Health and crime experts are concerned about rising misuse of the painkiller fentanyl, particularly in regional areas. (Lucy Barbour)
The latest national drug data shows a worrying trend in regional Australia, where there’s been a sharp increase in the use of the opioid fentanyl.
Overall, Australia came in just behind the United States for the use of several illicit drugs, including cocaine and methamphetamine.
Wastewater was tested for 12 different drugs by the Australian Criminal Intelligence Commission (ABC Rural: Kim Honan)
The data comes from the Australian Criminal Intelligence Commission’s latest analysis of drug use across the country, where wastewater was tested for 12 different drugs.
It also ranks drug use by Australians against other countries and it found Australia is second behind the US for the use of meth, cocaine and MDMA.
The report shows that methamphetamine is one of the most commonly consumed illicit substances in Australia, but that’s changing in some areas.
Melinda Lucas from the Alcohol and Drug Foundation told The World Today it is positive there has been a reduction in meth use in regional areas as there is “a high burden of harm associated with methamphetamine”.
The rise of meth use in some city areas was concerning, but not surprising to Ms Lucas.
“We know from data collected over a number of years that Australia is a country that consumes a lot of stimulants,” she said.
Methamphetamine is one of the most commonly consumed illicit substances in Australia. (NSW Police: AAP)
The report also shows that heroin use is at its highest level in Victoria, NSW has the highest use of cocaine and the ACT has the highest use of fentanyl.
Ms Lucas highlighted that the data confirmed that nicotine and alcohol remain the most used substances, which is “something that is often overlooked within these reports”.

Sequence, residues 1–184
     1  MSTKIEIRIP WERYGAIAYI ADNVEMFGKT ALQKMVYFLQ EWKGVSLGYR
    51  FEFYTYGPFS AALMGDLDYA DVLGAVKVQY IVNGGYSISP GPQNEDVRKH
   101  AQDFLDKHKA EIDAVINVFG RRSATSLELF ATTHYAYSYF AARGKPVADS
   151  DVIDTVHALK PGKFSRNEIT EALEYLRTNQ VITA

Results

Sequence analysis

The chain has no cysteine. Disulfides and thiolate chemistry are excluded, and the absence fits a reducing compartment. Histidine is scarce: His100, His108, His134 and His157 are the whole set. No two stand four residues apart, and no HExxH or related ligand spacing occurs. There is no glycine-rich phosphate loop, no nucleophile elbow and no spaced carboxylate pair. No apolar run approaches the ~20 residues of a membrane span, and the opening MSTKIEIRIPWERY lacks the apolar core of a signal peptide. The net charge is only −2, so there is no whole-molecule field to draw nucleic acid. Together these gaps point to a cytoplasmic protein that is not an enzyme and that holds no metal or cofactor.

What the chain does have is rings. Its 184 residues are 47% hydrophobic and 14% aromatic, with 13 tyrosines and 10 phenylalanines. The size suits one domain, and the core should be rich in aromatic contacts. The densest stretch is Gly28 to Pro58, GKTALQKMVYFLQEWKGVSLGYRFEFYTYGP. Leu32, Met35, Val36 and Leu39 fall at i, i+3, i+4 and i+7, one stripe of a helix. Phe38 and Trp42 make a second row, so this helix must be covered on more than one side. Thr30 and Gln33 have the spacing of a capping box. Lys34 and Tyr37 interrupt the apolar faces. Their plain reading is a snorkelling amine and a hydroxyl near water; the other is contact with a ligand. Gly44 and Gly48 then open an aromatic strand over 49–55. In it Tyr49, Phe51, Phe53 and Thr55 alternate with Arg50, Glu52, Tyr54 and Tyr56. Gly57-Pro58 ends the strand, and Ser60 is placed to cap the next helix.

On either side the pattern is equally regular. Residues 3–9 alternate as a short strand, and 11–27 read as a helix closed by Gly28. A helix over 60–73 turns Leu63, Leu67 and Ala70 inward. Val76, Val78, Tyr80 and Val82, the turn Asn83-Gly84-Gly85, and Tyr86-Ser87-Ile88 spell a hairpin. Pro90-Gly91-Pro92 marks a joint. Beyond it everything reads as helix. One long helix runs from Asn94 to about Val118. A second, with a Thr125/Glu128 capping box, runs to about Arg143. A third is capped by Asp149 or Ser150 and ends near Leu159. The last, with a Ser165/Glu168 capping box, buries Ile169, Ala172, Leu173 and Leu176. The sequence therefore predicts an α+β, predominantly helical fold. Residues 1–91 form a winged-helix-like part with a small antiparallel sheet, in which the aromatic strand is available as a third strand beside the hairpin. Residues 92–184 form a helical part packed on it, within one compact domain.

“One of the biggest things to emerge is that what we’re still finding is that the legal drugs of alcohol and tobacco are still causing the most amount of harm in the community,” she said.
Illicit drugs not only concern for rehab services
Julie Babino, chief executive officer of Odyssey House in New South Wales, said they are “seeing an increase in our residential program of people coming in with methamphetamine as a drug of concern”.
Ms Babino said that although their residents’ principle drug of concern is meth, sometimes it is alcohol — with the findings from the report being indicative of what Odyssey House sees in treatment.
“Methamphetamine has a very quick addiction cycle, so people will seek treatment very quickly, while people that have an alcohol problem — sometimes they can be very functioning people in the community. They can be functioning for a very long time before they seek treatment,” she said.
Nadine Ezard from the Alcohol and Drug Service at St Vincent’s Hospital in Sydney said they also see a lot of meth users, although there are some gaps in what the wastewater tests reveal.
“One of the issues with the wastewater is that it doesn’t really say how many people are using. If you see an increase in methamphetamine in the wastewater, you don’t know if it’s more people using a little amount or it’s just a few people using a large amount,” she said.
Dr Ezard explained that matching the data sources does suggest that there are probably a very small group of people that “are potentially [using] more frequently and running into problems”.
Fentanyl use carries a lot of risk with it because it is highly potent, which increases the risk of overdose. (ABC News: Lucy Barbour)
Rising opioid use worrisome
But Ms Lucas explained that one of the biggest concerns from the wastewater analysis is it reveals an increased use of the painkiller fentanyl.
“What we see here compared to the data from 2017 is the increase of fentanyl. While there is no way to tell the difference between whether it’s legally prescribed fentanyl or illicitly used fentanyl, fentanyl carries quite a lot of risk with it because it is high potency and the risk of overdose is quite high, so that’s quite concerning,” she said.
The Alcohol and Drug Foundation suggested real-time prescription monitoring should be rolled out nationally to reduce the amount of opioids being dispensed and prescribed.
Ms Babino from Odyssey House is also concerned about the increased use of opioids because it does not correlate with people coming into treatment for prescription drugs.
“It’s a different type of people that are probably being impacted by prescription drugs,” she said.
“I think that it is one area that all of the community should continue to be concerned about.”